Fly fishing for carp

Fly fishing for carp

             Can you fly fish for carp?

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Daniel Hughes

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Fly & Carp

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At the right time of year fly fishing for carp can be a devastating tactic, it certainly isn’t the most common tactic to fish for carp, but it can be extremely effective. When carp are being fished for on the surface, they can be tricky feeders, they may be used to dog biscuits and bread and could associate these with being caught. On popular lakes which are pressured, carp can often become wary of blatant surface baits. This is where tempting carp with a more natural looking food source can come into its own.

If you are looking to get a shoal of carp feeding on the surface, using some small floating pellets or dog biscuits can get them feeding if they are not wary feeders. You can use a dry fly on the surface, such as the bread fly, dog biscuit imitation fly and floating pellet imitation fly, which can be created with deer hair which is clipped back, bleached and then stained or dyed to the colour required, usually white or brown. The colour of the fly which you opt for will be dependent on what the carp are feeding on, the surface itself, or dependent on what free offerings you have put out. Very similar surface fishing principles apply to fly fishing for carp as they do for the typical method of surface fishing, such as, finding the carp on the surface, baiting them and getting them confident before you put a hook-bait in the water. You can find further information on how to approach surface fishing for carp in this blog: https://community.dangler.co.uk/community/carp/surface-fishing-for-carp/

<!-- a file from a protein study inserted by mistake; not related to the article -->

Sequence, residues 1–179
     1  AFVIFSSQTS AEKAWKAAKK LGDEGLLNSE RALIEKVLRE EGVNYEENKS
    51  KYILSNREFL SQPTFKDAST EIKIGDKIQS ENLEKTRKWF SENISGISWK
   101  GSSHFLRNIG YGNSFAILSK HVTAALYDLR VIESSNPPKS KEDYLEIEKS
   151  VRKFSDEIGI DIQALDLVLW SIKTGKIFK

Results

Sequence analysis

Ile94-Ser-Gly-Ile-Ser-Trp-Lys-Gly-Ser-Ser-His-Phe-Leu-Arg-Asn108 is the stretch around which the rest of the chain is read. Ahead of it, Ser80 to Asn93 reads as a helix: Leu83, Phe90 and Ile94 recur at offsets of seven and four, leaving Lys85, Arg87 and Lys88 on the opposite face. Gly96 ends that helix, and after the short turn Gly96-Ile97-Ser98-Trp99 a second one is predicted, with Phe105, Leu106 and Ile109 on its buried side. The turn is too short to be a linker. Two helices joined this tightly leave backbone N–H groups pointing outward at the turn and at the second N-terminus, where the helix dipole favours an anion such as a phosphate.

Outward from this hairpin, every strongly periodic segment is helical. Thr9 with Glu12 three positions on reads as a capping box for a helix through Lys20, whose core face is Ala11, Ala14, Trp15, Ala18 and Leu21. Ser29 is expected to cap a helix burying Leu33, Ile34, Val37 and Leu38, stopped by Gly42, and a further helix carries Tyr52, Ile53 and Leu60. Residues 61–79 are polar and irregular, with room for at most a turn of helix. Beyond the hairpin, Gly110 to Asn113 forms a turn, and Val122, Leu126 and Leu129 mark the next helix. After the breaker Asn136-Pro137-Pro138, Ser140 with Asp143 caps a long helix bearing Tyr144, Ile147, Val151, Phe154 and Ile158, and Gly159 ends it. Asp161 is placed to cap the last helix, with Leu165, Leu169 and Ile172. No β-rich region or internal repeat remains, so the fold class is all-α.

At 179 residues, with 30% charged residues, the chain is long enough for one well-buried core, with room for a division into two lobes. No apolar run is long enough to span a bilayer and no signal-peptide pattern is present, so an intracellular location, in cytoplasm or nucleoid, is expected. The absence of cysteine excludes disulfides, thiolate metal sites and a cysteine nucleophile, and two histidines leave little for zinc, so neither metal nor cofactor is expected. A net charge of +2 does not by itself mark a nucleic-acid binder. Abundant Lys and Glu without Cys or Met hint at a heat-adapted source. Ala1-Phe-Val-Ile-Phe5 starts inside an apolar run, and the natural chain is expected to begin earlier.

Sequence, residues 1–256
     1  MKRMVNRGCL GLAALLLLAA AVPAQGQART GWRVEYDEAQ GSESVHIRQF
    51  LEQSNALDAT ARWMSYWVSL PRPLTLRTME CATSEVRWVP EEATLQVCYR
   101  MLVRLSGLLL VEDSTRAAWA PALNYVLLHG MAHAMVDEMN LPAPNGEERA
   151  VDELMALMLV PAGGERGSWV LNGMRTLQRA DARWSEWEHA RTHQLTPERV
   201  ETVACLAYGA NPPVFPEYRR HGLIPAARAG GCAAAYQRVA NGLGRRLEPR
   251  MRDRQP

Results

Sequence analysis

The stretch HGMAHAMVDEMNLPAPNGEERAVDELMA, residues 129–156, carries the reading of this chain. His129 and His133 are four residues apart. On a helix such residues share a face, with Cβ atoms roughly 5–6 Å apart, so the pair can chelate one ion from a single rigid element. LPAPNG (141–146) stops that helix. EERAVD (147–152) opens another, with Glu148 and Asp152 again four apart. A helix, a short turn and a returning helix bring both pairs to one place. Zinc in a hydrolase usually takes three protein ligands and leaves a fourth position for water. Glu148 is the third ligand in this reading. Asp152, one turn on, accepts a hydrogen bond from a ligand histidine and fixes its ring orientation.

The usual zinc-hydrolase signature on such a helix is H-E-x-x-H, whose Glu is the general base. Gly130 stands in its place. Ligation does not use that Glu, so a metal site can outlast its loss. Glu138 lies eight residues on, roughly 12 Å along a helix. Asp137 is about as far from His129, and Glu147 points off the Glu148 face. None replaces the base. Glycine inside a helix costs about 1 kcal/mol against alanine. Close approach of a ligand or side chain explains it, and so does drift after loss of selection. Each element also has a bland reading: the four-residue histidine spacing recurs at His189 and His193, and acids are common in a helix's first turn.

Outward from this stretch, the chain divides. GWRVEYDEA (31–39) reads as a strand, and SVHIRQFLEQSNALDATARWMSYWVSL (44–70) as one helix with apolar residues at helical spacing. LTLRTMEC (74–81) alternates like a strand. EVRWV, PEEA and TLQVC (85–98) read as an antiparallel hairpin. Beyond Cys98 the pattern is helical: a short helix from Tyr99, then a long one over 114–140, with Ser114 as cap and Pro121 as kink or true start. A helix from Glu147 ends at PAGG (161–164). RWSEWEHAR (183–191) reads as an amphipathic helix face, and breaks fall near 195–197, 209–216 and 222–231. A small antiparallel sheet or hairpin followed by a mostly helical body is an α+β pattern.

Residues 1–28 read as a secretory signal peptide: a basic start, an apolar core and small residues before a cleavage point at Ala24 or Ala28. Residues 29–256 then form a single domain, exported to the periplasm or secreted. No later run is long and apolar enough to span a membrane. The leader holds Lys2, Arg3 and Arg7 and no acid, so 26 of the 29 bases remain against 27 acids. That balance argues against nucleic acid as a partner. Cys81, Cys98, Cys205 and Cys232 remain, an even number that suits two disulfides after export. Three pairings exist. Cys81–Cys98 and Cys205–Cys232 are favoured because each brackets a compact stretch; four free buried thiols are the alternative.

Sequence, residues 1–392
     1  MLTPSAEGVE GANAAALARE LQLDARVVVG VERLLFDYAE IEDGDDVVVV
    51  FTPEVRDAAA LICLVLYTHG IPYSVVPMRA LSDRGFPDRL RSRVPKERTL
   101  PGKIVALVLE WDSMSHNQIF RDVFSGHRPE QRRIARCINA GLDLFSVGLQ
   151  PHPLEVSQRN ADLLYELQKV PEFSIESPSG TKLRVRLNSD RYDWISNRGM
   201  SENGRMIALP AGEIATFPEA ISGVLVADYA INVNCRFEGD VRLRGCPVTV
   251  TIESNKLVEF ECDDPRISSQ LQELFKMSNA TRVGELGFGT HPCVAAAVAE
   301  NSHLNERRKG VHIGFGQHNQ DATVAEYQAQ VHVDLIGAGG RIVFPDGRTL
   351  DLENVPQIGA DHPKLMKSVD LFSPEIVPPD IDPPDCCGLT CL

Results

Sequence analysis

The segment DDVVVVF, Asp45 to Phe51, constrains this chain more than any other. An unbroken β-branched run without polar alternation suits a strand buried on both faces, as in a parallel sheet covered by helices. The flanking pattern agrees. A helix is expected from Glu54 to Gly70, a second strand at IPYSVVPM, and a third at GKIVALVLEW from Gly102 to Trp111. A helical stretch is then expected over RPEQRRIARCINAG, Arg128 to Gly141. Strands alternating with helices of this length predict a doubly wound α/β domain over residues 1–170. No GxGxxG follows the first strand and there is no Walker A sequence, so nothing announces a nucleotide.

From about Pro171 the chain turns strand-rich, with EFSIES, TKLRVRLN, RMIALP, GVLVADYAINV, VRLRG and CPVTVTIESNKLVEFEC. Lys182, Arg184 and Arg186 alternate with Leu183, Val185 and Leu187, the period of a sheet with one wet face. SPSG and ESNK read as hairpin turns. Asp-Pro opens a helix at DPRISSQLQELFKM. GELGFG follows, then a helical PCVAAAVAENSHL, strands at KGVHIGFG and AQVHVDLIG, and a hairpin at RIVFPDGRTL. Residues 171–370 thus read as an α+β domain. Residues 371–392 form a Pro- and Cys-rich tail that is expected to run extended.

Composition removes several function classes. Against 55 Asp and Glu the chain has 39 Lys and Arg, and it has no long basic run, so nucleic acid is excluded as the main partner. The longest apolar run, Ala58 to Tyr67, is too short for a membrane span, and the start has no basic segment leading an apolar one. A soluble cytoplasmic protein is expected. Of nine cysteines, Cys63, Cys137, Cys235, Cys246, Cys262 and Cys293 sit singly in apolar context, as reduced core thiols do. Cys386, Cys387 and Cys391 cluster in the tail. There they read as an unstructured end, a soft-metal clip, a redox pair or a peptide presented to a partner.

Before you have cast out, check that you don’t have memory coil in the fly line which you are using. If you haven’t been using the set up much and this is the first time it has been out in a week then it will always help to try and stretch some of the fly line which you will be casting with your hands to take any of the coils out. This will prevent any tangles when trying to get that all important cast amongst the feeding carp. When you do manage to hook a carp, it will help if you manage to get the fight on to the reel rather than managing it with the line in your hands. This will enable you to keep more tension on the carp, using one hand to support the rod and the palm of the other hand to manage the pace in which the carp is taking line from the centre-pin. This will give you greater control of the fight and help you keep tension on the carp during the fight, with carp being larger and giving a heavier fight than a trout, it is important to remember to manage the fight differently.

What Fly Rod for carp?

When fishing for carp you would want a tougher set up to deal with the weight and the power of the carp. But with carp being quite spooky if you decided to use a heavier fly rod, for example an 8 or 9 weight fly rod, when casting the fly line out it will have a heavier impact when it hits the surface and could spook the feeding carp. If you were to opt for a 5 or 6 weight fly rod, you may be able to get a better finesse with the cast and limit the amount the carp are spooked when getting a bait into the water. However, you will have a harder fight due to the lighter rod, but this should be fine with an average sized carp.